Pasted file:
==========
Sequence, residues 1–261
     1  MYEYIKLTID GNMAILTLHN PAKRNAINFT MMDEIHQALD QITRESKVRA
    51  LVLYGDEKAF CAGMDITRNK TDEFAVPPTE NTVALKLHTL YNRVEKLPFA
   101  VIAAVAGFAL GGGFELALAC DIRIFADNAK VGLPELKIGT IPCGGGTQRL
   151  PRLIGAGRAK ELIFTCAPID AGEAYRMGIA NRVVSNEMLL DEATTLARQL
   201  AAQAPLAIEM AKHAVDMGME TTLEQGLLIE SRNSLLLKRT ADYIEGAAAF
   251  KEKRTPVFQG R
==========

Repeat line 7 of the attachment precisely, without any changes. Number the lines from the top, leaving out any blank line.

   251  KEKRTPVFQG R